The Funny Grandson delights in discovering how things are made. After two years of successful jam-making, he asked me if I knew how to make shredded wheat (I discovered later on that it was his favorite cereal and his parents frequently ran out of it, much to his frustration).
What better solution than to have Grandma whip up a batch whenever she visits?
(For the record, I don’t know how to make shredded wheat, but I’d bet someone on Pinterest knows).
So what does this have to do with ice cream, you ask? Well, I had the brilliant idea of making our own ice cream this summer, something I was sure would delight the FG no end. So I read a zillion reviews and, after drooling over the $400 Cuisinart with its own compressor, decided to go with the popular $29.99 Hamilton Beach 4-qt electric ice cream maker.
I had it shipped to the lake a couple of weeks ago so it would arrive when I did. I bought lots of cream and a gallon of milk and a bag of ice and–eventually– rock salt (it took trips to FOUR stores to find rock salt!) and special plastic containers just the right size to store ice cream in the freezer. On Thursday I was ready to practice, having not made ice cream in about 40 years. But after I opened up the box I discovered the canister was badly dented. It would have to go back to Amazon.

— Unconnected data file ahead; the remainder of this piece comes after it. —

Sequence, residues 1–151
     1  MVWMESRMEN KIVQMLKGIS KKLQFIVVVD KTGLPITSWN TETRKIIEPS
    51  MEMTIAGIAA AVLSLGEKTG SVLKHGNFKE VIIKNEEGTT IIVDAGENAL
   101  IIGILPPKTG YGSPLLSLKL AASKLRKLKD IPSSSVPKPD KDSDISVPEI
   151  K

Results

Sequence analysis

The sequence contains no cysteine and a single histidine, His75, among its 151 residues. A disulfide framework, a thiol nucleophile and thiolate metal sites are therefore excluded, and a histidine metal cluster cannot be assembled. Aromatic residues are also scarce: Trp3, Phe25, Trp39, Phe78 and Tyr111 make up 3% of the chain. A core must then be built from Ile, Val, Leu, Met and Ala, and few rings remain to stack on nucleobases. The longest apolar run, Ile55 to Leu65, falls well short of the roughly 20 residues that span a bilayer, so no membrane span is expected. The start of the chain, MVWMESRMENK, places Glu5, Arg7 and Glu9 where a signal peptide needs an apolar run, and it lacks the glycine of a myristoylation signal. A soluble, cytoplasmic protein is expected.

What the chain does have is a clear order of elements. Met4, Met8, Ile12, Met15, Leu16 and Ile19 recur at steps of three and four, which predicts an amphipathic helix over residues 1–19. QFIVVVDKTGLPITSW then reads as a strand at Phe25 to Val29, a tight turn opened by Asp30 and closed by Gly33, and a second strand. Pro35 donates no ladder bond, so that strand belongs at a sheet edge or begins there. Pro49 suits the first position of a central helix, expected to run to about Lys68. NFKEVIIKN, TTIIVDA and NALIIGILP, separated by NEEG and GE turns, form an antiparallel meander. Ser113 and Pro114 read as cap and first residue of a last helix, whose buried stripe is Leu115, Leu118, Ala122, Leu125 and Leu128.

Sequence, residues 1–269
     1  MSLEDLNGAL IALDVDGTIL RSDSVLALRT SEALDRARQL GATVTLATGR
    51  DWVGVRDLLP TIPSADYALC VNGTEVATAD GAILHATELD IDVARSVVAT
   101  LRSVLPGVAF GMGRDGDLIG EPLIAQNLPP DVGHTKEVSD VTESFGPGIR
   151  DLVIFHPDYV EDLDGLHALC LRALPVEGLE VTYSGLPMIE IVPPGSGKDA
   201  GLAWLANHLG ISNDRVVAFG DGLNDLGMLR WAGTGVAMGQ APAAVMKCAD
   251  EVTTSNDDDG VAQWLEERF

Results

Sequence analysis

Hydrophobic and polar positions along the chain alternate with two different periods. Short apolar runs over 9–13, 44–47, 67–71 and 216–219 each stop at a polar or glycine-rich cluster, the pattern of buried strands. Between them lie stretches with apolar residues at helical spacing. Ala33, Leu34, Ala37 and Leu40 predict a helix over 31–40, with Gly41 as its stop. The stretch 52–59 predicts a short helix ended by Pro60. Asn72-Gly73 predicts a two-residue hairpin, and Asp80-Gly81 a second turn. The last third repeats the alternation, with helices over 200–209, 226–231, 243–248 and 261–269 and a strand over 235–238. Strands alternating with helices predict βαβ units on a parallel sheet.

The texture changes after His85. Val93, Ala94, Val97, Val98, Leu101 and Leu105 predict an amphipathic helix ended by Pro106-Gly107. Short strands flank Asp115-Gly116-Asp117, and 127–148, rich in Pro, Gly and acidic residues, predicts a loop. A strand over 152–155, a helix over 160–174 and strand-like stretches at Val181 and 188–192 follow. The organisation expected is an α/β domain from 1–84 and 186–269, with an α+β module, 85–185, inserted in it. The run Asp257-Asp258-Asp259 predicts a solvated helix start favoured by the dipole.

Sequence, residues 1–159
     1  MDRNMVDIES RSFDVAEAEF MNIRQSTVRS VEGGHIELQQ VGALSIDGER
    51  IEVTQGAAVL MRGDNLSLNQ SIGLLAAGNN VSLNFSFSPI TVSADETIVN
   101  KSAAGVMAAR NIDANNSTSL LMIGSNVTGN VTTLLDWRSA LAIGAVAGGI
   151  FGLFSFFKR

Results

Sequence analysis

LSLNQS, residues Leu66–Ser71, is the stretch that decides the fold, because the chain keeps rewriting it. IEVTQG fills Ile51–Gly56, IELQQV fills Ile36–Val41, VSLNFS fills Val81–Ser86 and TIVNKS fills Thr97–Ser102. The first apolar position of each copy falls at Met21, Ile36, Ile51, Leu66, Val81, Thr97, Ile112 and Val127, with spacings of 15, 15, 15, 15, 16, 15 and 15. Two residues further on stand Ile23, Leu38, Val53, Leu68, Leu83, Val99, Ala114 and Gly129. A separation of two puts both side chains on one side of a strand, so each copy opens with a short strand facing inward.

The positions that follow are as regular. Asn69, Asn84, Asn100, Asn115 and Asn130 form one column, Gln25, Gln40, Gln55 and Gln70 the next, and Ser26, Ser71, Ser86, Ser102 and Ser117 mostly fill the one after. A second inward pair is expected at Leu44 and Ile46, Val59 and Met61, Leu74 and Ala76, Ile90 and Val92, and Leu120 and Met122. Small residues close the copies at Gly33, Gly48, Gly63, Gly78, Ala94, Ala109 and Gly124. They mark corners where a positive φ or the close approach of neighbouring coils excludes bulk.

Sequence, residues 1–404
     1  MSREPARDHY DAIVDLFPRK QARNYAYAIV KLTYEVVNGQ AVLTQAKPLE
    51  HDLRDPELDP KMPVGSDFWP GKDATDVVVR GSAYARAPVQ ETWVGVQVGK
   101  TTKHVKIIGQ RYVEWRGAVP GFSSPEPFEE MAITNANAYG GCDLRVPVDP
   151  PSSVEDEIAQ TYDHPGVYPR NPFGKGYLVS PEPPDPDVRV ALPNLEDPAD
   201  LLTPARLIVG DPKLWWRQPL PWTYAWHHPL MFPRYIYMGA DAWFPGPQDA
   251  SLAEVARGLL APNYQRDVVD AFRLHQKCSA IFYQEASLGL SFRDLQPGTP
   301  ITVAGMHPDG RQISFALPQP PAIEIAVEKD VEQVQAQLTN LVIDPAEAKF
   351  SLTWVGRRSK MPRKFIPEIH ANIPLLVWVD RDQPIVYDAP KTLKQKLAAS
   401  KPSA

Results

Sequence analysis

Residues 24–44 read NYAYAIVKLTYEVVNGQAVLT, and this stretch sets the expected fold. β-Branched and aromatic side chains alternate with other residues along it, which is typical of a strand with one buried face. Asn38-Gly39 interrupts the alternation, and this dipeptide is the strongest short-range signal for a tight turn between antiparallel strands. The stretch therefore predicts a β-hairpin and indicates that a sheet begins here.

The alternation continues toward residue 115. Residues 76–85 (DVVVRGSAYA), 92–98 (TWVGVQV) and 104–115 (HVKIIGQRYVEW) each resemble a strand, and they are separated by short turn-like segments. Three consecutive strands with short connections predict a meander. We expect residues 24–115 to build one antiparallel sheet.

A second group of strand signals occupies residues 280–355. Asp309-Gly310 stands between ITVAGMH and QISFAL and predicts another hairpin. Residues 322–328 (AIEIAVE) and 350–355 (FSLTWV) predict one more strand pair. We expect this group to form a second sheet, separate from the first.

Dancing Mandolin Player offered her Cuisinart, a snazzy looking little machine that makes 1.5 quarts of ice cream while sitting prettily on the kitchen counter. It needs no rock salt or ice; you freeze the “bowl” overnight, pour in the ingredients and let it do its thing for 20 minutes.
Sounds like a plan! I put the bowl in the freezer and planned to make ice cream the next day. I would test a vanilla recipe and chop frozen peaches to add to it. Oh, the excitement!
Then Son #1 called to say hello and in the midst of the conversation asked if I would have almond milk here at the lake for the FG’s visit next week. They are staying away from dairy products to see if that helps FG’s sensitive stomach.
I feel his pain. I don’t drink milk either. And I much prefer the “dairy custard soft ice cream” to the real scooped-from-the-tub ice cream if I’m going to treat myself to a cone.
I have read–okay, a long time ago–that heating milk changes the “lactose” factor somehow. I wonder if that would help in the future ice cream making process.
I’ll plan to make some fruit sorbets, too. And will google ideas for almond milk ice cream (it should be possible, right?). And then there’s frozen yogurt to experiment with.
So today I’m heading back to town. The Hamilton Beach machine will be shipped back, the rock salt will be returned and I will stock up on almond milk and strawberries (for that sorbet).
Grandma Has A New Plan.